3DFOSSILDIET (Tracing the Ontogenetic Evolution of Diet and Behavior in Neandertals and Anatomically Modern Humans in the Franco-Cantabrian Region. An Integrative study of 3D Tooth Wear Patterns), aims to reconstruct both dietary patterns and biomechanics of the masticatory apparatus during ontogeny (somatic development and growth of an organism throughout its lifetime, from conception to adulthood, a span known as the Life History) in Neandertals and Anatomically Modern Humans in order to trace trophic variation and behavioral complexity, and the following questions will be addressed: 1) How did adult individuals care for sub-adults? 2) How did sub-adults become independent individuals? 3) How were relationships expressed within the groups? 4) Could social patterns reflect our evolutionary success? This project will implement the use of recently developed virtual methods (Dental Microwear Texture Analysis and Dental Topographic Analysis) for the analysis of both micro- and macro- dental wear patterns in both Neandertals and Anatomically Modern Humans as a proxy to infer biomechanics of the mastication (diet) and general use of the mouth (behavior) along the Life History of both human species. 3DFOSSILDIET is interdisciplinary, bringing together expertise in microscopy, bioarchaeology, isotopic analyses, and paleoanthropology through an integrative methodology to document dental wear. The results will address how and if behavioral changes were reflected across the human groups who lived during Middle to Upper Paleolithic Transition at the Franco-Cantabrian Region. Furthermore, the advance of the study of dental wear will provide technological framework for the study of surface modifications of both biological and archaeological materials.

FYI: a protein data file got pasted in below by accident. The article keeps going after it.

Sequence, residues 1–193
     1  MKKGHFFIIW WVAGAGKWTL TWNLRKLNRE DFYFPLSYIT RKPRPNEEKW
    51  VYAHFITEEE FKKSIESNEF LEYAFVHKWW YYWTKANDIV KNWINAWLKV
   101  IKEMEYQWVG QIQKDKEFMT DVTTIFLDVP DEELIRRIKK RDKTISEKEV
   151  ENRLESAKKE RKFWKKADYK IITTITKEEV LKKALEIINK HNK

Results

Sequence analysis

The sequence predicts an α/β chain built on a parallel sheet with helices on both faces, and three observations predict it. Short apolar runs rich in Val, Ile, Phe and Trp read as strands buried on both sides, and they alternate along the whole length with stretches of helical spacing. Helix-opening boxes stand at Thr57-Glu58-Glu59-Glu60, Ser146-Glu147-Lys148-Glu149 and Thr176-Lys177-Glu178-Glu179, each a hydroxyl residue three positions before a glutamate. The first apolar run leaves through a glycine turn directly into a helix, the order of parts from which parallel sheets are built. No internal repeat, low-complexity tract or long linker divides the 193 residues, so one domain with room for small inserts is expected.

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  • Funder: EC Project Code: 101059605
    Funder Contribution: 181,153 EUR